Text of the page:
Don’t Give Up on the San Fernando Valley!

Ethan is surely right when he notes that MetroRail ridership in the San Fernando Valley: 1) isn’t as high as it should be; and 2) this results in part from a lack of leadership on land use.  But I wouldn’t write the Valley off just yet.

First, recall that there are only two Valley stations on the Red Line system: Universal City and North Hollywood.  That makes it much more difficult to establish ridership; in order for Valley commuters to connect to the Red Line, they have to take the Orange Line commuter bus there, which is horribly run because (as I pointed out several months ago), the MTA has yet to develop any kind of realistic system for waiting for the bus.  Development of this system could easily enhance ridership.

Second, plans are in the works for more dense development around the Universal City transit stop; current plans call for 2,900 new residential units “at a variety of price point” right on top of the Universal City Metro station.  Indeed, its very massiveness is causing it problems with NIMBY politicians such as Zev Yaroslavsky and Tom LaBonge.  Of course that’s part of the game: the developer proposes something much more massive than it really wants, the politicians feign outrage, the project gets cut back, the politician claims victory, and we move on.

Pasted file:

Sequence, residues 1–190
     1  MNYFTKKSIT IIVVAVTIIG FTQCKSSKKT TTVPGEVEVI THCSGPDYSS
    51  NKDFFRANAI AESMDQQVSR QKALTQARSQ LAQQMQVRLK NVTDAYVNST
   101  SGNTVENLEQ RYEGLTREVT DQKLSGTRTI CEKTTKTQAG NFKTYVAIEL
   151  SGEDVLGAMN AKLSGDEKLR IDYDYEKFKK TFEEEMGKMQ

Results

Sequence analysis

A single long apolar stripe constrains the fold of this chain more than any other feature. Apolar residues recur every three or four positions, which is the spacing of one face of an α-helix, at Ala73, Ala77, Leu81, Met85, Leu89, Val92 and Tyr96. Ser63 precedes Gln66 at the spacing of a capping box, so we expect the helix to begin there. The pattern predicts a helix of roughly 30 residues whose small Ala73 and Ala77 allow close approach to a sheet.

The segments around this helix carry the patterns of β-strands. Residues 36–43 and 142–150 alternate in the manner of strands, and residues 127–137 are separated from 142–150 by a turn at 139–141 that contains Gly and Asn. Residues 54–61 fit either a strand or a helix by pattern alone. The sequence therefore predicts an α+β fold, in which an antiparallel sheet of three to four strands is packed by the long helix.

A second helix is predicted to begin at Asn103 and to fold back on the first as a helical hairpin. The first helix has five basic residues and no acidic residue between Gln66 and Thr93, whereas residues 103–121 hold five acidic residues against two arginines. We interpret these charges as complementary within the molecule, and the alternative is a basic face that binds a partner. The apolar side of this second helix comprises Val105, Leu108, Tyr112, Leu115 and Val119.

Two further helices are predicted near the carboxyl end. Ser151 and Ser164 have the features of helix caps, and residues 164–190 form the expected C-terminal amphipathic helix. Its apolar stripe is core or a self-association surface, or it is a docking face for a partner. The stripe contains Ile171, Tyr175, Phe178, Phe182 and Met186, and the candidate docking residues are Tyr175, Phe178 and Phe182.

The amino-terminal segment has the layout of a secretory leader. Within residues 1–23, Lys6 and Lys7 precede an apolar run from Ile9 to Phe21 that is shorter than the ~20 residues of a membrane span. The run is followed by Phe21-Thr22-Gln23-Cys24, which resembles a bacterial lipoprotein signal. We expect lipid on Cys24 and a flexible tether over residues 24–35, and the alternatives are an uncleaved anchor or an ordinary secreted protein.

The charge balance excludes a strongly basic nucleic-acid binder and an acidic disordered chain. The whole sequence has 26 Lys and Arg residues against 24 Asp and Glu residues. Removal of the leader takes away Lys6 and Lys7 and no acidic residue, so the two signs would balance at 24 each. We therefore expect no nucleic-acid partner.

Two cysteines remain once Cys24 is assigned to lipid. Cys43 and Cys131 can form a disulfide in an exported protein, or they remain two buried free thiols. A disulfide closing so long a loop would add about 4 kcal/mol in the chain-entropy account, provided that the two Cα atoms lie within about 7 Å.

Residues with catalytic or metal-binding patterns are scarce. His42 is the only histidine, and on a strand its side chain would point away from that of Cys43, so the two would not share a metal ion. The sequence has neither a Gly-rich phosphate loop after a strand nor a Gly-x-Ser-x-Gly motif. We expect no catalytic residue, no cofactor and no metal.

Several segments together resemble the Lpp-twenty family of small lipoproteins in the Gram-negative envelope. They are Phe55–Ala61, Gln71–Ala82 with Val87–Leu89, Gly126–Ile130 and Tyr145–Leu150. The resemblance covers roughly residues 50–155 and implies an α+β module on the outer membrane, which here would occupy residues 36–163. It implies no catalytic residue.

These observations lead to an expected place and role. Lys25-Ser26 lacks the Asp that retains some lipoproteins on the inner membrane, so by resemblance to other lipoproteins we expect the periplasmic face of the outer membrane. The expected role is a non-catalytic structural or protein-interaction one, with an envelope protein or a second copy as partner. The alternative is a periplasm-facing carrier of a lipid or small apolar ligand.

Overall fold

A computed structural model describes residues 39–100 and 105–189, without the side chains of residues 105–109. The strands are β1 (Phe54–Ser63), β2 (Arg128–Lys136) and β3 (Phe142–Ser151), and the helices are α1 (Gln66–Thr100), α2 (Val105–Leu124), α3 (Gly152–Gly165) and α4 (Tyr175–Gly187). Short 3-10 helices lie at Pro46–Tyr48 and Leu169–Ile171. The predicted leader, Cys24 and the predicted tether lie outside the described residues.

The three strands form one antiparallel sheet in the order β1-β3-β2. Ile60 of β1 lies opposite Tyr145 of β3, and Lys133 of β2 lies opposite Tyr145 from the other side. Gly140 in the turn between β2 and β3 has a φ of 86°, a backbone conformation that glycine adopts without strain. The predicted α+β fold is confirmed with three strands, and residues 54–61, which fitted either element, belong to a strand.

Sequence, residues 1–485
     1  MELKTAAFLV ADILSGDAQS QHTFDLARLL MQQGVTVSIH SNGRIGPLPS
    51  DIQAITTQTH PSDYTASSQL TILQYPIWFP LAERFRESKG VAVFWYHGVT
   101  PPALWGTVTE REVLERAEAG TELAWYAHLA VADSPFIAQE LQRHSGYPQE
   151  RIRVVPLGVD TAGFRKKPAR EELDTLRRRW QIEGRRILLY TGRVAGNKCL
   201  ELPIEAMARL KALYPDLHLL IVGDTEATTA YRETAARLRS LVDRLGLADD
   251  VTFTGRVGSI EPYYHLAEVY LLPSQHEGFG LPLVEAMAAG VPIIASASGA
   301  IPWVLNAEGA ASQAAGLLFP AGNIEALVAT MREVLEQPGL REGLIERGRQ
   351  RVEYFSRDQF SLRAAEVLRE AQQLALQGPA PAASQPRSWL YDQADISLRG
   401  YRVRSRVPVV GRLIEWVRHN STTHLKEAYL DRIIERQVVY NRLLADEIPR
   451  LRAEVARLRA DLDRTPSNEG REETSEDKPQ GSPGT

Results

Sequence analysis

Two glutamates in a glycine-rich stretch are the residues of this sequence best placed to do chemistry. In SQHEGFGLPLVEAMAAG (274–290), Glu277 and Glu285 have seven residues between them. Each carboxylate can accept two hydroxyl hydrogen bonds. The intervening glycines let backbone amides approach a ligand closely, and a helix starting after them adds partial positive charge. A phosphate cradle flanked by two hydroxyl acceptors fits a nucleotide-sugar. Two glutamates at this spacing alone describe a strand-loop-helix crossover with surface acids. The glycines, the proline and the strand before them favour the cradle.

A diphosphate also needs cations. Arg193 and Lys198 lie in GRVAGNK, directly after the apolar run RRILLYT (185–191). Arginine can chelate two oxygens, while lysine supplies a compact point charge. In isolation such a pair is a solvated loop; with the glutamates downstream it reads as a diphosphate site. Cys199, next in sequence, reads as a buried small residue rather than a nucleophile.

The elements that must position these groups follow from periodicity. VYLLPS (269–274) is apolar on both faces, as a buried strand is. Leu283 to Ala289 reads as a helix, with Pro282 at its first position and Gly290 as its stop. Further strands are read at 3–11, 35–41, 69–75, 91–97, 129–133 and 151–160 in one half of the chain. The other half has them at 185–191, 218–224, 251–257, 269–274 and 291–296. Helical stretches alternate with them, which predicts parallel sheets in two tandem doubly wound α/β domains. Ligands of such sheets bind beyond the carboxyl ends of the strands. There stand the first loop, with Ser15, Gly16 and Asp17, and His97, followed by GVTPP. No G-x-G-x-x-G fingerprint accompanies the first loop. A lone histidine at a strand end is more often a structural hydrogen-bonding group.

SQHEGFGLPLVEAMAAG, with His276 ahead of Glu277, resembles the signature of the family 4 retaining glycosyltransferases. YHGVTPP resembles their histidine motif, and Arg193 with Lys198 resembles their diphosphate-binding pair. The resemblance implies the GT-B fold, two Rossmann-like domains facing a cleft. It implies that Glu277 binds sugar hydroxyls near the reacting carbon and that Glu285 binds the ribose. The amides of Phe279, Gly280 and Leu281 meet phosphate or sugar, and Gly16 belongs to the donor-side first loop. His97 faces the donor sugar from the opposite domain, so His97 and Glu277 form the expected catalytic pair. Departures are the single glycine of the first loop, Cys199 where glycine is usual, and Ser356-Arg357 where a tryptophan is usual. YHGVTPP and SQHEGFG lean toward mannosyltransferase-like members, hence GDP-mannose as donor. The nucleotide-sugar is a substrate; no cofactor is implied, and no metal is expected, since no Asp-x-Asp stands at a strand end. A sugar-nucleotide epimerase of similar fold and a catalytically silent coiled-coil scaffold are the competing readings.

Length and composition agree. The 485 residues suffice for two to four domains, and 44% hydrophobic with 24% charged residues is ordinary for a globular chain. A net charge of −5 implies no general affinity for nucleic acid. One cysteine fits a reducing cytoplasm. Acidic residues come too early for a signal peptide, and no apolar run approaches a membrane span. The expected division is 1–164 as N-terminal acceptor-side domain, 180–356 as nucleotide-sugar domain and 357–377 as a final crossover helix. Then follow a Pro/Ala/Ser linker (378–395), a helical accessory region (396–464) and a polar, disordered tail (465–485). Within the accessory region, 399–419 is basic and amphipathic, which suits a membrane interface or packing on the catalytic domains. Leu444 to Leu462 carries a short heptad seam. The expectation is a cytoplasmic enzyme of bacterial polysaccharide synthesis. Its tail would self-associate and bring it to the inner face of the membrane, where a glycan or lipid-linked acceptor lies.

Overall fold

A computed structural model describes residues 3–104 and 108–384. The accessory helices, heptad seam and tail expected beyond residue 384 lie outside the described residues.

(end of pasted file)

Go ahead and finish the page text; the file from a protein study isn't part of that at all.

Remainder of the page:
But that takes a long time, especially since the California Environmental Quality Act means that the project will have the Mother Of All Environmental Impact Reports.  Moreover, Universal City is especially tricky, as both the County and the City have land use authority there, and it really does serve as a bottleneck from the Valley into the City.

I’m confident that something, and something good, will eventually wind up in Universal City, and even at North Hollywood.  But the combination of regulatory requirements and ongoing NIMBYism will mean that it will take time.  Foothill Boulevard in La Canada/Flintridge is one of the great development stories in southern California — but it took more than two decades to put together.  Most “overnight success” stories do.

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